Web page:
Celebrating Jewish Literature: Jewish food from across the world

By Rabbi Rachel Esserman

Pages from “P is for Pastrami: The ABCs of Jewish Food” by Alan Silberberg. (Photos used with the permission of Penguin/Random House)

Confession: I frequently anthropomorphize objects from stuffed animals to mechanical devices. Yes, I can assign almost any in…

Celebrating Jewish Literature: A mystery, a rom-com and a generational saga

By Rabbi Rachel Esserman

A mystery 

There’s nothing like a good murder to bring three generations together. OK, not everyone would agree with that statement. In fact, in “Mother-Daughter Murder Night” by Nina Simon (William Morrow), Beth wishes her mother, Lena, would concentrate on…

Celebrating Jewish Literature: Finding your life path

By Rabbi Rachel Esserman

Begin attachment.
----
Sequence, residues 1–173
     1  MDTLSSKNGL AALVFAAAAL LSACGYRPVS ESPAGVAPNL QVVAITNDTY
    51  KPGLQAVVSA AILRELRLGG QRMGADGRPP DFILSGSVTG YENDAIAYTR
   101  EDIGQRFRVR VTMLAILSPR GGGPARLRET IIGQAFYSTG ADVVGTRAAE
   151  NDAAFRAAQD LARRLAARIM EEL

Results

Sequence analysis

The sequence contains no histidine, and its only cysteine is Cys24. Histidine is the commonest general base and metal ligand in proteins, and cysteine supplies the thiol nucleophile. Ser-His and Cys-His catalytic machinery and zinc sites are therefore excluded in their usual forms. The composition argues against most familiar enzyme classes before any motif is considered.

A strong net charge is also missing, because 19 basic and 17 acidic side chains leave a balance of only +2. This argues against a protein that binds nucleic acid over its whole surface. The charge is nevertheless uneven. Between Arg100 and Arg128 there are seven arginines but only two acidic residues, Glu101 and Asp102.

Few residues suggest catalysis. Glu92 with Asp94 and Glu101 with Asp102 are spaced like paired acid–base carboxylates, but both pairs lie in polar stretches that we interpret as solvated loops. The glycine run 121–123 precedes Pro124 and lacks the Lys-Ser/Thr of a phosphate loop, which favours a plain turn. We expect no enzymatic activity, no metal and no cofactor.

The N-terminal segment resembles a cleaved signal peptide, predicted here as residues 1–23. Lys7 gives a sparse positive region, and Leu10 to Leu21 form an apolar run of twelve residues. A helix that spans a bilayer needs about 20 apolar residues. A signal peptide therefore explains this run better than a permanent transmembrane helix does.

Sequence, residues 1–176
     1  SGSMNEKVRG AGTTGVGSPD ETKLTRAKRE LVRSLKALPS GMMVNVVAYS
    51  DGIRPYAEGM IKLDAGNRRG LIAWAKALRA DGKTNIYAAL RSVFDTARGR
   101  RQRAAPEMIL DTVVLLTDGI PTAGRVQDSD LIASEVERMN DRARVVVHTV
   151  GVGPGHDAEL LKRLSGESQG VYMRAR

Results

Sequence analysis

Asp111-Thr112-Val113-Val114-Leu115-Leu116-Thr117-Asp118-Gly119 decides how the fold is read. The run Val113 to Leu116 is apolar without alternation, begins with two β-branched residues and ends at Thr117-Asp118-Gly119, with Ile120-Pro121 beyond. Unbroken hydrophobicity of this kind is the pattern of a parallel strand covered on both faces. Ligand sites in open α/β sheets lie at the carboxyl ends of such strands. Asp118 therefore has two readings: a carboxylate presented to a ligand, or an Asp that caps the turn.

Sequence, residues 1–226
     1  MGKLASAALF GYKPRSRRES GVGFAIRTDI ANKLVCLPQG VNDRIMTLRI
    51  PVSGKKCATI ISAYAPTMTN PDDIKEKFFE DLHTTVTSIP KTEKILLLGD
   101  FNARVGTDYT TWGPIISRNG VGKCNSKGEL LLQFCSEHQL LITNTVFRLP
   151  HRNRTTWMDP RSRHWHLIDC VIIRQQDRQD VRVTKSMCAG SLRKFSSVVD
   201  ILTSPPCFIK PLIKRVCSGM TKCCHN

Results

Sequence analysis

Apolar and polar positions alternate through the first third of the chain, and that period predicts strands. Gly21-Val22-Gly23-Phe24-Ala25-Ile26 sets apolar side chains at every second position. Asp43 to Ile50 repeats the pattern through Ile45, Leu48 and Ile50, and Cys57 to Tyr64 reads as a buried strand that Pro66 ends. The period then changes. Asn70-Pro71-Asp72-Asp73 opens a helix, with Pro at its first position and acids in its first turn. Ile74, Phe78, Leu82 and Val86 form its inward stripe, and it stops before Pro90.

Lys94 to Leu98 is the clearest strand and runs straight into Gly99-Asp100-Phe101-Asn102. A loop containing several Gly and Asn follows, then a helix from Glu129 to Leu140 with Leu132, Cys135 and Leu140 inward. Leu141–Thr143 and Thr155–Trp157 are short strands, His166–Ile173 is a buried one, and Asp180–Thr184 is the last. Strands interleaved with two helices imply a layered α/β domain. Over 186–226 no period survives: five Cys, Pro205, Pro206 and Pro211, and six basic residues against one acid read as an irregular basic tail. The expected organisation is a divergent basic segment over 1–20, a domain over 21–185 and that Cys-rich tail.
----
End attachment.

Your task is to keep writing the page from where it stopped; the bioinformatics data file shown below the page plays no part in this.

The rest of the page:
Some novels are difficult to define because they combine elements of several genres. For example, “A Shot in the Dark” by Victoria Lee (Dell ) and “The Breakaway” by Jennifer Weiner (Atria Books) are definitely not rom-coms, although their plots contain a he…

Celebrating Jewish Literature: Adjusting to different worlds

By Rabbi Rachel Esserman

Jewish history is filled with fascinating tales. Sometimes, though, it takes fiction to make these stories come alive: a novel can fill in thoughts and emotions to which historians rarely have access. That’s shown in two recent novels; “Our Little Histories” b…

Celebrating Jewish Literature: Yearning for real connections

By Rabbi Rachel Esserman

Americans are facing an epidemic of loneliness, at least according to newspaper articles. These reports note that people feel they have few friends and even fewer people they can count on in times of need. Rabbi Sharon Brous recognizes this desire for connections …